Poetry
The study of poetry can open a mind to new ways of thinking and exploration of the beauty of language. Writing poetry is a doorway to creative expression and deep understanding of meaning and language. Here you'll find great resources to study, write, and understand poetry in your homeschooling experience.
Links and Items
For the Good of the Earth and Sun: Teaching Poetry
For the Good of the Earth and Sun is for teachers at all levels, especially for those teachers who feel anxious about introducing poetry to students. Georgia Heard offers a method of teaching poetry that respects the intelligence of students and teachers and that can build upon their basic originality. She explores poetry from the inside as it is: a powerful and necessary way of looking at the world, and one of mankind's most durable inventions. Her book provides detailed, organized information so that teachers themselves can begin to enjoy and feel knowledgeable about poetry, and, from there, pass those feelings on to their students. The author's text is supplemented by examples of students' work in original and draft form.
Kids' Poems (Grades 1)
Regie Routman shares her delightful selection of free verse poems written by first graders that will inspire your second graders to think, I can write poems like this too! Regie provides strategies for using kids' poems as models to guide children to write poems about things they know and care about: learning to skate, disliking asparagus, playing with a best friend, and more. She describes the way she invites children to study the model poem, beginning by asking kids, What do you notice? She shows how she demonstrates the poetry-writing process to children: thinking aloud and drafting poems about her own life, and then collaborating on a poem together before children write on their own. Includes 20 reproducible poems written and illustrated by first graders to share with kids. Perfect for classroom teachers and parents! For use with Grade 1.
Poetry in Your Homeschool
Teaching Poetry: Subject by Subject
Over-analysis and examination steals all the joy from the beautiful words from good poetry. Charlotte Mason’s approach is vastly different. Good poetry reaches the heart in a way few other words can. It’s amazing how deeply a well-crafted phrase from a thoughtful poem can shape our lives! As Charlotte said, “Poetry is a criticism of life; so it is, both a criticism and an inspiration; and most of us carry in our minds tags of verse which shape our conduct more than we know”. We are doing our children a great service when we nourish their minds and equip their hearts with good poetry. Here’s how.
Looking for Poetry Curriculum
This question and answer page offers suggestions for including poetry in your homeschool curriculum.
How (and Why) to Help Young Children Memorize Poetry
When your kids memorize poetry, you know they are learning vocabulary, spelling, reading skills, and grammar. All they know is that it’s fun. This article shares tips on ways to make memorizing poetry fun.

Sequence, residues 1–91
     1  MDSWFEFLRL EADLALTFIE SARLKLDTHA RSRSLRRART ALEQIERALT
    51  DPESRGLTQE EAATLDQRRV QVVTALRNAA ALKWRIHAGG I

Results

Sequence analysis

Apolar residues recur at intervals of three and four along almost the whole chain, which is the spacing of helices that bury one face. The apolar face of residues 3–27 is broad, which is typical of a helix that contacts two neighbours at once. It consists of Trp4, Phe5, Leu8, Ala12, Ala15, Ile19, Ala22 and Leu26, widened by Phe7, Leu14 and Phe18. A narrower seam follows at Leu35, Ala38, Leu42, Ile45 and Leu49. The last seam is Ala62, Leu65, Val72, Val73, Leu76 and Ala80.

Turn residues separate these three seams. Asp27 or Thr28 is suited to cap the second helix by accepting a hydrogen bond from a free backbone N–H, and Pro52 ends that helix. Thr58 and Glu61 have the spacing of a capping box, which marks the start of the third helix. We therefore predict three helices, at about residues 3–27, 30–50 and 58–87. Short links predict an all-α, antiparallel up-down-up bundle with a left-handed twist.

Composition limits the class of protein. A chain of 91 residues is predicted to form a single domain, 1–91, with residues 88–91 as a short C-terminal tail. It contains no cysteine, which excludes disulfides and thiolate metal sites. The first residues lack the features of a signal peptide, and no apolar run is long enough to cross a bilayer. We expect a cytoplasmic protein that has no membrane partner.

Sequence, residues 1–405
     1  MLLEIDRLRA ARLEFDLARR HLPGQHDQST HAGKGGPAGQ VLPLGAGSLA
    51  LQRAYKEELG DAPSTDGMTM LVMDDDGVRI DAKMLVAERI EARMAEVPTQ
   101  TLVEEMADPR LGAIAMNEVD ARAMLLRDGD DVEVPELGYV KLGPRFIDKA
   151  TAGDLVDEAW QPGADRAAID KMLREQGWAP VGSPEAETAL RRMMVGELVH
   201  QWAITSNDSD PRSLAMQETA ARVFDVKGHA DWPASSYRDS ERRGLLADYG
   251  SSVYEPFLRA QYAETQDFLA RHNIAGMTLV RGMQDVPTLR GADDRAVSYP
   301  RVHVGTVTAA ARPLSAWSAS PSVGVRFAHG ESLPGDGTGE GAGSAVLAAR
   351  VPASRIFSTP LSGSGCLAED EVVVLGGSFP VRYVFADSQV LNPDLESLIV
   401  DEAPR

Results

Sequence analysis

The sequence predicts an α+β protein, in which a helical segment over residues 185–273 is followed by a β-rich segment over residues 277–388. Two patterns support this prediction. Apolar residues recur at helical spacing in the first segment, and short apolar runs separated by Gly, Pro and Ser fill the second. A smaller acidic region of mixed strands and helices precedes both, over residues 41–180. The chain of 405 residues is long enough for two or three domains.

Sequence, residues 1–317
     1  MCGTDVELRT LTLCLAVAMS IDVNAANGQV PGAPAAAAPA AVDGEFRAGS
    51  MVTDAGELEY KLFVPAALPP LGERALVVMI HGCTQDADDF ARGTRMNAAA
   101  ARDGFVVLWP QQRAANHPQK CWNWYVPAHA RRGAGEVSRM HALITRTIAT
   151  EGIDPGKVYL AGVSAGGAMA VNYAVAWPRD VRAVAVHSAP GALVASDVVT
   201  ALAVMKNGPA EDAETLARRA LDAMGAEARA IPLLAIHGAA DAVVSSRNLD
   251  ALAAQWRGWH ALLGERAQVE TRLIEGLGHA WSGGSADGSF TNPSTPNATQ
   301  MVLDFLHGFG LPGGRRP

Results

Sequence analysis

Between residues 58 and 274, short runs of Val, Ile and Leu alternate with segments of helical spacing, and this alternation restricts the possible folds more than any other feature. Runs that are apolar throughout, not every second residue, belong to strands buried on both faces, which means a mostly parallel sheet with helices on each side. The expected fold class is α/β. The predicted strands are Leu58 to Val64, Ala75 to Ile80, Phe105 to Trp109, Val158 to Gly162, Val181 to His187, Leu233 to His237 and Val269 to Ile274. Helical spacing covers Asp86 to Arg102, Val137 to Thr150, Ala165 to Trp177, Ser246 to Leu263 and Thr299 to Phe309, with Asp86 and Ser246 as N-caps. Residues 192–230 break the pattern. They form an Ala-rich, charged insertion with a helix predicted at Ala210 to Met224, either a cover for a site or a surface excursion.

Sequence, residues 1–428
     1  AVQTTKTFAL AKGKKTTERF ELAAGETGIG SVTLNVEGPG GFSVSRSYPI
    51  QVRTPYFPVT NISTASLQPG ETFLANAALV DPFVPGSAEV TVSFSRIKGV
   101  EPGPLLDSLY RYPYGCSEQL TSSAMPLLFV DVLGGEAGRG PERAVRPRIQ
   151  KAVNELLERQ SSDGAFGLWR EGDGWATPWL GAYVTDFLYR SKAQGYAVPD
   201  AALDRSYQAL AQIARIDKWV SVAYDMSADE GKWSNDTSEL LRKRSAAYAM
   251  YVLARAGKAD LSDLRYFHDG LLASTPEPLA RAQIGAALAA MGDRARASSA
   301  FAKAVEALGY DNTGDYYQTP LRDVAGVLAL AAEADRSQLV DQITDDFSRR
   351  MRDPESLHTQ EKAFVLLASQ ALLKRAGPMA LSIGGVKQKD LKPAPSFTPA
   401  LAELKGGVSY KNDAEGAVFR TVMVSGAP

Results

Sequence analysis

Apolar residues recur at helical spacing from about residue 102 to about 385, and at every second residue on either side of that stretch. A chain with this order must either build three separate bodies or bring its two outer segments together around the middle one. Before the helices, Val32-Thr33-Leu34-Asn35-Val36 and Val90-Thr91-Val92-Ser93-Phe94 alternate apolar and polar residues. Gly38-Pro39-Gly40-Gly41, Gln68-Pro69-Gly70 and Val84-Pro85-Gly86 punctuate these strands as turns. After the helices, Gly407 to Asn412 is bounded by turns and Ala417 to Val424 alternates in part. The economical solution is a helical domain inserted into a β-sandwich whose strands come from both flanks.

Poetry Out Loud
The National Endowment for the Arts and the Poetry Foundation have partnered with U.S. state arts agencies to support Poetry Out Loud, a contest that encourages the nation's youth to learn about great poetry through memorization and recitation. This program helps students master public speaking skills, build self-confidence, and learn about their literary heritage.
A Poetry Unit for Preschoolers
This free unit study for preschoolers features poems found in Shel Silverstein's Where the Sidewalk Ends as a text for 10 poetry lessons. Each lesson refers to a poem (so it helps a lot to have access to that book), includes an activity suggestion, and instructions for a writing project (mostly poems). You can use all the lessons, or just a couple.
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Featured Resources

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Drawn Into the Heart of Reading
Drawn Into the Heart of Reading was developed for use with students of multiple ages at the same time, perfect for the homeschooling family. It is designed for use as an entire reading program or as a supplement to an existing program for students in grades 2-8.
Recovering the Lost Tools of Learning: An Approach to Distinctively Christian Education
Author Douglas Wilson makes the argument that education must have a foundation of religion, which informs worldview. Education is the asking and answering of questions, and learning to read and write is simply the process of acquiring the tools needed to do that. 
Discovery of the Child
Maria Montessori went beyond the conventions of the day to seek a new way of knowing and loving a child. In THE DISCOVERY OF THE CHILD, she describes the nature of the child and her method of working more fully with the child's urge to learn. With 16 pages of photographs.
Considering God's Creation
Life science truly comes alive with this 270-page lap-book style notebook for 2nd-7th graders. A Charlotte Mason type discovery approach is easily implemented with creative activities, music and topical Bible studies, making this program a perfect choice for a homeschool family or a classroom. It may be used as a stand-alone science course or as an invaluable supplemental resource for any other program. 
Idea Book For Cuisenaire Rods At The Primary Level
Grades K-4. Each 120 page book contains worksheets and has selected activities that cover the major math standards. Each page outlines the grade level, materials needed, settings, learning experiences, and are based on NCTM Standards.